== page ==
Returns:

  • prob_parts: a tuple of Tensors representing the prob for each distribution_fn evaluated at each corresponding value.

quantile

View source

quantile(
    value, name='quantile', **kwargs
)

Quantile function. Aka 'inverse cdf' or 'percent point function'.

Given random variable X and p in [0, 1], the quantile is:

quantile(p) := x such that P[X <= x] == p

Args:

  • value: float or double Tensor.
  • name: Python str prepended to names of ops created by this function.
  • **kwargs: Named arguments forwarded to subclass implementation.

Returns:

  • quantile: a Tensor of shape sample_shape(x) + self.batch_shape with values of type self.dtype.

resolve_graph

View source

resolve_graph(
    distribution_names=None, leaf_name='x'
)

Creates a tuple of tuples of dependencies.

This function is experimental. That said, we encourage its use and ask that you report problems to tfprobability@tensorflow.org.

Args:

  • distribution_names: list of str or None names corresponding to each of model elements. (Nones are expanding into the appropriate str.)
  • leaf_name: str used when no maker depends on a particular model element.

Returns:

  • graph: tuple of (str tuple) pairs representing the name of each distribution (maker) and the names of its dependencies.

Example

d = tfd.JointDistributionSequential([
                 tfd.Independent(tfd.Exponential(rate=[100, 120]), 1),
    lambda    e: tfd.Gamma(concentration=e[..., 0], rate=e[..., 1]),
                 tfd.Normal(loc=0, scale=2.),
    lambda n, g: tfd.Normal(loc=n, scale=g),
])
d.resolve_graph()
# ==> (
#       ('e', ()),
#       ('g', ('e',)),
#       ('n', ()),
#       ('x', ('n', 'g')),
#     )

sample

View source

sample(
    sample_shape=(), seed=None, name='sample', **kwargs
)

Generate samples of the specified shape.

Note that a call to sample() without arguments will generate a single sample.

Args:

  • sample_shape: 0D or 1D int32 Tensor. Shape of the generated samples.
  • seed: Python integer or tfp.util.SeedStream instance, for seeding PRNG.
  • name: name to give to the op.
  • **kwargs: Named arguments forwarded to subclass implementation.

Returns:

  • samples: a Tensor with prepended dimensions sample_shape.

sample_distributions

View source

sample_distributions(
    sample_shape=(), seed=None, value=None, name='sample_distributions'
)

Generate samples and the (random) distributions.

Note that a call to sample() without arguments will generate a single sample.

Args:

  • sample_shape: 0D or 1D int32 Tensor. Shape of the generated samples.
  • seed: Python integer seed for generating random numbers.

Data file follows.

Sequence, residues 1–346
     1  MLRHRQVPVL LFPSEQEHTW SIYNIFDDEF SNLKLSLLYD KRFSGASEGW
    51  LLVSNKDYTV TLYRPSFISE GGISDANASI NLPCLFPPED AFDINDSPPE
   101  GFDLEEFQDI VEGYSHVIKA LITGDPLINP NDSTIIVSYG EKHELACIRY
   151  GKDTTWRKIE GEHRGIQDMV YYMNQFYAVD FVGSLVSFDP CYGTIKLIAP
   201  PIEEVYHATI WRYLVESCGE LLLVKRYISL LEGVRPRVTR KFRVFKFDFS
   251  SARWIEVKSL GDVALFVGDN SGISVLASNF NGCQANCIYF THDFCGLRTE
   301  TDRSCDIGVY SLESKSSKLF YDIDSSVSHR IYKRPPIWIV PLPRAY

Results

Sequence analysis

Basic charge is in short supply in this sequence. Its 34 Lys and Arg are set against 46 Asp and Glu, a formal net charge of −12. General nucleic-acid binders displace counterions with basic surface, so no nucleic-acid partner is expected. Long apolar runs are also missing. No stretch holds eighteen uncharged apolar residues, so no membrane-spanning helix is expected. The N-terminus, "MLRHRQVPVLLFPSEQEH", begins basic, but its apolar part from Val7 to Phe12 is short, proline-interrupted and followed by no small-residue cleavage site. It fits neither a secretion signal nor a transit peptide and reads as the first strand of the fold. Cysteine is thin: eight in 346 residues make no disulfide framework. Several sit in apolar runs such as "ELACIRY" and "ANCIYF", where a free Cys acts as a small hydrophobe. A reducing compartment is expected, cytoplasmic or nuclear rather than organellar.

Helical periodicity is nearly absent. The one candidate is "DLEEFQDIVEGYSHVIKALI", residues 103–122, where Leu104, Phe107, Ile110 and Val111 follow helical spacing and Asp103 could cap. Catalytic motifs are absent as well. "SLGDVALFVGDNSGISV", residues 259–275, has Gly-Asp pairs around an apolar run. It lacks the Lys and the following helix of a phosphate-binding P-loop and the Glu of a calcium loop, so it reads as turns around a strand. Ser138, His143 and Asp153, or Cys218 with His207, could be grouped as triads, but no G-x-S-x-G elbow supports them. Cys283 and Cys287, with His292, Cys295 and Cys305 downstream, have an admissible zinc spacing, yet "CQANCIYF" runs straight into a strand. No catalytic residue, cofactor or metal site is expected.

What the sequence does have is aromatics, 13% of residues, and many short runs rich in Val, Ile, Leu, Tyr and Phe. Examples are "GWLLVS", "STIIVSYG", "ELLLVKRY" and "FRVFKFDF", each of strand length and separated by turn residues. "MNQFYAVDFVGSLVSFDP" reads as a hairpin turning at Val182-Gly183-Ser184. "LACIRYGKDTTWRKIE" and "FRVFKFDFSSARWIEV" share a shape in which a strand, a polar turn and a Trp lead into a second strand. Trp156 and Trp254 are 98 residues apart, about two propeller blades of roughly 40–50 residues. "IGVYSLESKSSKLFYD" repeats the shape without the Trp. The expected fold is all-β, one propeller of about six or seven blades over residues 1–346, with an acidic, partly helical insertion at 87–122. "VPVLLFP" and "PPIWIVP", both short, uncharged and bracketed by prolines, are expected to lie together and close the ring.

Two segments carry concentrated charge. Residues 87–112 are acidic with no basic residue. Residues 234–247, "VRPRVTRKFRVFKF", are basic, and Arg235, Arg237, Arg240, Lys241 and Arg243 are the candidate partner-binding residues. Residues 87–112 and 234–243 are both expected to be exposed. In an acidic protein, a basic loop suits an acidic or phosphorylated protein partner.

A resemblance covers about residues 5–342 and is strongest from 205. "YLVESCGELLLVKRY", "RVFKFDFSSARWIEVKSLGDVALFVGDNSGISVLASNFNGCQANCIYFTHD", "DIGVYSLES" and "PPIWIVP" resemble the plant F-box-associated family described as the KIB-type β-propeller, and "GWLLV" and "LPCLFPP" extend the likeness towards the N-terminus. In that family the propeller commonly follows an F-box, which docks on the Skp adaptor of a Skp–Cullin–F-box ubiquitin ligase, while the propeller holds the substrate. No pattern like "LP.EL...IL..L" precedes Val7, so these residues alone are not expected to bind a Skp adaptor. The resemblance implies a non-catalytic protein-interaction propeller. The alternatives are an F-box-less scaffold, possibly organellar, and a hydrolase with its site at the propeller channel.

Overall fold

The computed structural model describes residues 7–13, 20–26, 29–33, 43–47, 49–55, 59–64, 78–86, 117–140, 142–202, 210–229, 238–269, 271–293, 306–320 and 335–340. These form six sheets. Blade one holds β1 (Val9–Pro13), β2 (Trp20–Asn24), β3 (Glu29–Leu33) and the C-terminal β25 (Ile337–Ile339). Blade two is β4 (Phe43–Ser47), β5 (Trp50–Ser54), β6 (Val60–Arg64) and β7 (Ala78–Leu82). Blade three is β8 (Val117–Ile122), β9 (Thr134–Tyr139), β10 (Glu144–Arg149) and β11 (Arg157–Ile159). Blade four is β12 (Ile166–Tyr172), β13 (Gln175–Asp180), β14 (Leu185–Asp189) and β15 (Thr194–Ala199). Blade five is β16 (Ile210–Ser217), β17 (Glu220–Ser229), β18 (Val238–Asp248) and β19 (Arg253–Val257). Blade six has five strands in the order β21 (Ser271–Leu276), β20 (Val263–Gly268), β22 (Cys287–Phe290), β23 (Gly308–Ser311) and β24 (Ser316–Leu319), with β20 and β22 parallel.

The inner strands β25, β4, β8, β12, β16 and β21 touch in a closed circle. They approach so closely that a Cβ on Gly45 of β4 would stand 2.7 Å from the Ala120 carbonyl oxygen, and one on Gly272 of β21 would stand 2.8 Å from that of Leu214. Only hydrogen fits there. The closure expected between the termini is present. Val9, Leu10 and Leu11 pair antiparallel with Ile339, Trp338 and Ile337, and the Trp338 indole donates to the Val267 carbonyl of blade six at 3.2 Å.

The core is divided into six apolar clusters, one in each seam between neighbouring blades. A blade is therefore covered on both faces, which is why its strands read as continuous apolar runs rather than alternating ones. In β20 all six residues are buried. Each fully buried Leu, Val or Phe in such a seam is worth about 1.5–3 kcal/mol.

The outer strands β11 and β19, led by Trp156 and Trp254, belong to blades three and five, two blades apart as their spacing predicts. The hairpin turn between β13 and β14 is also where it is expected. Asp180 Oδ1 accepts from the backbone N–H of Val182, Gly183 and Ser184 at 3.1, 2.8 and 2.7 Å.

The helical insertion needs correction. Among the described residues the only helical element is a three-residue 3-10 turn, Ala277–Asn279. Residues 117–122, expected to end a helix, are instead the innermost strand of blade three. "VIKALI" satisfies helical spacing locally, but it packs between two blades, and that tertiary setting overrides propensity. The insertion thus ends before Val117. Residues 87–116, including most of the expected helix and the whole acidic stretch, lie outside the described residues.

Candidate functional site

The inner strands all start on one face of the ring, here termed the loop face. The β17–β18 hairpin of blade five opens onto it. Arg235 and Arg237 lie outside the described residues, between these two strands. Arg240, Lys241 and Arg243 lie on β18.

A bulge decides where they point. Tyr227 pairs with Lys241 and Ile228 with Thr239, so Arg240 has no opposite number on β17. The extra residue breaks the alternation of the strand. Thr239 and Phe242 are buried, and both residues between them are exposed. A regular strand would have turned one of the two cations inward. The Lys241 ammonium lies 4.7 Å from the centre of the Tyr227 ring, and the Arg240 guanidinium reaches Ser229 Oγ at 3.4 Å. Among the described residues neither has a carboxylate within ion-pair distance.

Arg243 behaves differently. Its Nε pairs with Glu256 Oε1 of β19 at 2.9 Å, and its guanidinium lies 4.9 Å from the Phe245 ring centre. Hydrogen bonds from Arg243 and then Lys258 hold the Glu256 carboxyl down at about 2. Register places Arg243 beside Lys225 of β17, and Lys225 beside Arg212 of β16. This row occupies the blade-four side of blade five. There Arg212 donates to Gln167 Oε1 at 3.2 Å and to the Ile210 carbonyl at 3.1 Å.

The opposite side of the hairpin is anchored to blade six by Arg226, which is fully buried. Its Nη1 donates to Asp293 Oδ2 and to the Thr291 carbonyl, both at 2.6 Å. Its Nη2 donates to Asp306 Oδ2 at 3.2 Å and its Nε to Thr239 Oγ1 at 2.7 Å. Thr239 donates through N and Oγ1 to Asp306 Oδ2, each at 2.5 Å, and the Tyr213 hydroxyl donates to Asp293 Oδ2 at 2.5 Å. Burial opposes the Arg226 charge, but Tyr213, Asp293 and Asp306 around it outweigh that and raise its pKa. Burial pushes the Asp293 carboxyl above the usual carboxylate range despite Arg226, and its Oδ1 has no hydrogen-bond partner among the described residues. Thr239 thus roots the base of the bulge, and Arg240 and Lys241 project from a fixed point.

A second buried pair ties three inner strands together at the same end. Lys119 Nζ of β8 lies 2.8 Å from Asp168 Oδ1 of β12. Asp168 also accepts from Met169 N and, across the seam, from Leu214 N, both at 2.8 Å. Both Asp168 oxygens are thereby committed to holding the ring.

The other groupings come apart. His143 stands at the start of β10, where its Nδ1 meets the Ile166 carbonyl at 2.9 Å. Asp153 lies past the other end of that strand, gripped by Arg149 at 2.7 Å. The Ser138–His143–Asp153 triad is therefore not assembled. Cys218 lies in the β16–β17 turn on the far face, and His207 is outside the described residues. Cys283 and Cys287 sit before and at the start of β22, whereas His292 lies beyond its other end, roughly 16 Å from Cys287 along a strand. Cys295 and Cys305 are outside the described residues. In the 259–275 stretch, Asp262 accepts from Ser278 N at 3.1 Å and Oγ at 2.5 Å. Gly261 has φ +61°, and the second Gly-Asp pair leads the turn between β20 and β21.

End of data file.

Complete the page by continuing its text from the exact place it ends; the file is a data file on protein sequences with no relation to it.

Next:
• value: list of Tensors in distribution_fn order to use to parameterize other ("downstream") distribution makers. Default value: None (i.e., draw a sample from each distribution).
  • name: name prepended to ops created by this function. Default value: "sample_distributions".

Returns:

  • distributions: a tuple of Distribution instances for each of distribution_fn.
  • samples: a tuple of Tensors with prepended dimensions sample_shape for each of distribution_fn.

stddev

View source

stddev(
    name='stddev', **kwargs
)

Standard deviation.

Standard deviation is defined as,

stddev = E[(X - E[X])**2]**0.5

where X is the random variable associated with this distribution, E denotes expectation, and stddev.shape = batch_shape + event_shape.

Args:

  • name: Python str prepended to names of ops created by this function.
  • **kwargs: Named arguments forwarded to subclass implementation.

Returns:

  • stddev: Floating-point Tensor with shape identical to batch_shape + event_shape, i.e., the same shape as self.mean().

survival_function

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survival_function(
    value, name='survival_function', **kwargs
)

Survival function.

Given random variable X, the survival function is defined:

survival_function(x) = P[X > x]
                     = 1 - P[X <= x]
                     = 1 - cdf(x).

Args:

  • value: float or double Tensor.
  • name: Python str prepended to names of ops created by this function.
  • **kwargs: Named arguments forwarded to subclass implementation.

Returns:

Tensor of shape sample_shape(x) + self.batch_shape with values of type self.dtype.

variance

View source

variance(
    name='variance', **kwargs
)

Variance.

Variance is defined as,

Var = E[(X - E[X])**2]

where X is the random variable associated with this distribution, E denotes expectation, and Var.shape = batch_shape + event_shape.

Args:

  • name: Python str prepended to names of ops created by this function.
  • **kwargs: Named arguments forwarded to subclass implementation.

Returns:

  • variance: Floating-point Tensor with shape identical to batch_shape + event_shape, i.e., the same shape as self.mean().